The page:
Until he was sworn in as Regent, the Prince had been an ostentatious Whig himself. At one of his daughter’s birthday parties he has told the guests proudly that he was having her educated to espouse the ideals of Charles James Fox. Once he became Regent, therefore, the Whigs fully expected that, after a year, when he would have the power to do so, he would dismiss the government and call a general election.

By now, however, it was clear to everyone that he was never going to do any such thing. After all, it was the Tory government, now led by Spencer Perceval, that had made him Regent, and it was the Tory government that was winning the war in Spain. It was neither in his interest nor the nation’s to risk a general election at such moment.

To Charlotte her father’s conduct was nothing short of a betrayal. She was the Whig he once wanted her to be, despite the influence of Tory tutors. She could never be as fickle as he was. As a Whig she was sincere, committed and above all radical. Her letters to Mercer are full of recommendations of Whig pamphlets and journals. Shortly before the dinner she had written to her about what her father and his government were doing to suppress the Roman Catholic majority in Ireland. In a letter so passionate that her respect for grammar and syntax was even less evident than usual, she wrote:

I do indeed feel very very unhappy & uneasy about this business in Ireland; it but too too clearly shows the side he has taken. Good God, what will become of us! Of Ireland! We shall without doubt lose that, & as English people all faith & confidence in their Prince. Don’t call me a croker after all this, nor a republican for saying that the Irish will be justified in anything they do, if their long promised freedom is not granted.

As the conversation at the dinner table became more and more heated, Charlotte became more and more agitated. The Duke of York defended himself. Lord Lauderdale defended Lord Grey, who was no longer welcome at Carlton House. Eventually Charlotte burst into tears, stood up and turned to leave. Sheridan, not yet too drunk not to be chivalrous, left his seat and escorted her to the door.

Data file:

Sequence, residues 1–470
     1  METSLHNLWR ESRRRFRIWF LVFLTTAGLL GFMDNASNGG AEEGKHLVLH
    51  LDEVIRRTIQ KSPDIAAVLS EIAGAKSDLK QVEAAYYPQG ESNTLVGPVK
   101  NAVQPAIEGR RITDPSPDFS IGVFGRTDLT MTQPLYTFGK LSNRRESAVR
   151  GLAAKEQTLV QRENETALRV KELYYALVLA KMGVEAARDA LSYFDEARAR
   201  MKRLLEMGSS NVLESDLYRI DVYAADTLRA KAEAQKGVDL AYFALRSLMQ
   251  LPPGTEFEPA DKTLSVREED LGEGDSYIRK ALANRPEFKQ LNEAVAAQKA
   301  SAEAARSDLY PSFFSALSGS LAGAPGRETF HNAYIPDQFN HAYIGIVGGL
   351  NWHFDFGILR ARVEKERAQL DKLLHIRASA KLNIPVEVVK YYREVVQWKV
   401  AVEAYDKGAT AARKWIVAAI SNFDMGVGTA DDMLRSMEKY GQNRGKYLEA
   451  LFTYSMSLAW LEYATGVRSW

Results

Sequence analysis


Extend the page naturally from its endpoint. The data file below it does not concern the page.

Back at Warwick House Charlotte composed herself enough to make the short journey to Covent Garden. As she and the Duchess of York entered their box at the opera house, she waved over-excitedly to everyone she knew in the stalls. A few judged her behaviour a little undignified, but to most people it was charming. Then she noticed that the box opposite was occupied by Earl Grey. Here was a chance to tell the world where her political loyalties lay. Having already attracted his attention, she leaned out and, for all to see, blew kisses at the leader of the opposition.

A few days later, after the Whig gossips had spread the story of the dinner party throughout London, ‘dear Lord Byron’, whom Charlotte had been ‘seeing a great deal lately’, wrote a short poem in praise of the Princess who did not yet know how popular she was. It was entitled ‘To a Lady Weeping’.

Weep, daughter of a noble line,
A sire’s disgrace, a realm’s decay –
Ah! happy if each tear of thine
Could wash a father’s fault away!

Weep, for thy tears are virtue’s tears,
Auspicious to these suffering isles –
And be each drop, in future years,
Repaid thee of thy people’s smiles.

[an extract from ‘Charlotte&Leopold’ by James Chambers]

charles_grey_2nd_earl_grey_by_sir_thomas_lawrence_copy

Portrait of Charles Grey 2nd Earl Grey,  Sir Thomas Lawrence, circa 1828, National Portrait Gallery